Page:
I’m skeptical about scientific studies as interpreted by the news. I’ve followed many studies over the years and briefly worked in clinical trials. It’s important to ask how the study was conducted and not just run away with the conclusion.
I once read about a study of the effects of race on heart disease. The investigators were trying to find a correlation between African ancestry and hypertension.
This was before DNA testing became something people do for kicks, so how to measure, in a group of American study subjects, the amount of African ancestry?
The scientist had an answer. They measured the subject’s skin tone with a Universal Densitometer. Wow! Can’t get more scientific than that. And the densitometer generates numbers. Numbers are good. They can be put in charts and graphs. Yes, there was a picture of a Black guy waving his hand under a Universal Densitometer.
The only problem is– this was probably the wrong tool for the job. I used a Densitometer when I worked in a photo lab. It did indeed generate numbers. It was a very sensitive machine. So sensitive that you could insert the same color photo and get a different reading every time.
If you wanted an accurate color reading, you were better off asking that lady named Babs, who had a good eye for it, and had been doing it for years.
Measuring race by skin tone seems doubtful anyway. Maybe the guy waving his hand under the machine has cold hands. Maybe he went to the beach and got a tan. Maybe all this weirdness is making his blood pressure go up.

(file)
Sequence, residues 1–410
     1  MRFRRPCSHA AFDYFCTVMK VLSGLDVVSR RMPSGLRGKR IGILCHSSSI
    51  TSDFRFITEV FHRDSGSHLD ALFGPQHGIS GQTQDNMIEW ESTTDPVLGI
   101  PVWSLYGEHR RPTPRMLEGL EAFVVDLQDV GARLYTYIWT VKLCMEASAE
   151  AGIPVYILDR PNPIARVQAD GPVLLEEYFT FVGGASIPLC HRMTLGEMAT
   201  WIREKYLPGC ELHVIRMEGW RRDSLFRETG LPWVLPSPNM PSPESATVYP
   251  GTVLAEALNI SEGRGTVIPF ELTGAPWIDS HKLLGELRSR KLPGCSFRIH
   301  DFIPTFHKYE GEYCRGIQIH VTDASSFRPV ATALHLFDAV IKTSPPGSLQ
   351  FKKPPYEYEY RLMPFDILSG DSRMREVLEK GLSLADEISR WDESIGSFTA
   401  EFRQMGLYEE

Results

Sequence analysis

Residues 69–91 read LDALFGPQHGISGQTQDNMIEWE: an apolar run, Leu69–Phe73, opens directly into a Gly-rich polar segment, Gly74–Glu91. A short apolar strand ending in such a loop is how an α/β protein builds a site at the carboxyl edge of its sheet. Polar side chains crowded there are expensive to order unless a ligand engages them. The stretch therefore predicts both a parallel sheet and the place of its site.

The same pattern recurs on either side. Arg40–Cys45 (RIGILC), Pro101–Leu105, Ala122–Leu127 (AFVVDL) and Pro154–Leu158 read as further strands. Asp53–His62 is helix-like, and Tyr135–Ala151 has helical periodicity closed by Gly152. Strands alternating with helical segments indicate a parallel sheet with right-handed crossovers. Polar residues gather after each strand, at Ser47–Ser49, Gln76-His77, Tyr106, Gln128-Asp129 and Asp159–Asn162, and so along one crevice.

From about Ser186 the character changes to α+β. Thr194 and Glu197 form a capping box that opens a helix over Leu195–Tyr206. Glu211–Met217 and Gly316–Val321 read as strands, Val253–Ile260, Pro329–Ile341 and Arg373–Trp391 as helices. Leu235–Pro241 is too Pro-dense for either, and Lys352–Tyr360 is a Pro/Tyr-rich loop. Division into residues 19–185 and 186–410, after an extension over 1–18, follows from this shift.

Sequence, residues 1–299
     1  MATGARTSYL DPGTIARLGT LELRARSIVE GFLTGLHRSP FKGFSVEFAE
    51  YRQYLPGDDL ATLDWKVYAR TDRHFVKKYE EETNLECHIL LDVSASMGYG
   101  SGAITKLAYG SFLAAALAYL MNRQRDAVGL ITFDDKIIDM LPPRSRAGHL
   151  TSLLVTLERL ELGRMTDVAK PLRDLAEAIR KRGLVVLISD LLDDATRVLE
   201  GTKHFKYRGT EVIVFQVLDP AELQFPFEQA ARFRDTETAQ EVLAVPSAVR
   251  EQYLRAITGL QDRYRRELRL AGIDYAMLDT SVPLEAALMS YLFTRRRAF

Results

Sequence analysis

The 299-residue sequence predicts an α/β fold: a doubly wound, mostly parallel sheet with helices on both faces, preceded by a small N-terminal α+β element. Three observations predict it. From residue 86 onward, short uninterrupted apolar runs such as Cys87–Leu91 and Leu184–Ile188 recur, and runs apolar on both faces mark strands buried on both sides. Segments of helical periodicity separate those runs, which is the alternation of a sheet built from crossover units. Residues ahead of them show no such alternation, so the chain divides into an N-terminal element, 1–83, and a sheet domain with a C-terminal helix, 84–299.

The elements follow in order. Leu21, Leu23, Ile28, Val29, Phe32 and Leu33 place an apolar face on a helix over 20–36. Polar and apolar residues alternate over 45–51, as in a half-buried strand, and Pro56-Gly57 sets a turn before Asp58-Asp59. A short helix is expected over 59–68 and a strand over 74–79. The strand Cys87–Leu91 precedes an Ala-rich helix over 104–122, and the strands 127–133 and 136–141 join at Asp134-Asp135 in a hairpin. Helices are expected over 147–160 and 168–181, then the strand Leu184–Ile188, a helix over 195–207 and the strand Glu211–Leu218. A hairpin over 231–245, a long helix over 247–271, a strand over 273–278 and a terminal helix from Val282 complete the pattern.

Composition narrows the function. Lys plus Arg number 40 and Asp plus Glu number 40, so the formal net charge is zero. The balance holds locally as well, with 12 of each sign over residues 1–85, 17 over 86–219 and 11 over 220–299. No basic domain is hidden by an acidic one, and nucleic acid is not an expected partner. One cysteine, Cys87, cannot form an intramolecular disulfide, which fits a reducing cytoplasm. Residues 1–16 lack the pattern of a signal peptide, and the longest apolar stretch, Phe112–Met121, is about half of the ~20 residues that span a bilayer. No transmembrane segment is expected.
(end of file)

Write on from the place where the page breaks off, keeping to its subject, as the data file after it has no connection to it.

The Journal of The American Heart Association has a good article about the difficulty of constructing a scientific study involving race when race is such a confusing and fraught concept…
The rationale for gathering data using this [racial] model appears to have no clear evidentiary foundation (in terms of the dynamics of human evolution, for example) but grows out of the social reality in which scientists work. We have previously described this process as “circularity.”6 Investigators begin with the social reality of racial difference and are motivated by this reality to hypothesize the existence of significant biologic difference. They gather facts based on this theory, accumulating examples of difference for a melange of unrelated physiological quantities, and they conclude that the groups are in fact different. This conclusion of difference is seen as the end in itself, although it merely restates the social reality as putative scientific reality.
Where ‘circularity’ really spins out of control is the dumbing down of scientific studies in the popular press.
Most of us are not equipped to evaluate the accuracy of science news, but it’s not that hard to tell when something’s not quite right. When the news runs a ‘man bites dog’ story that’s high in sensationalism and vague on facts, it’s fair to ask some questions. The man in the white coat may be right, but he may be wrong. He often is.
[No disrespect intended to Labex Engineering Corporation and their fine products. Their Densitometer is probably way higher quality than the crummy one I used.]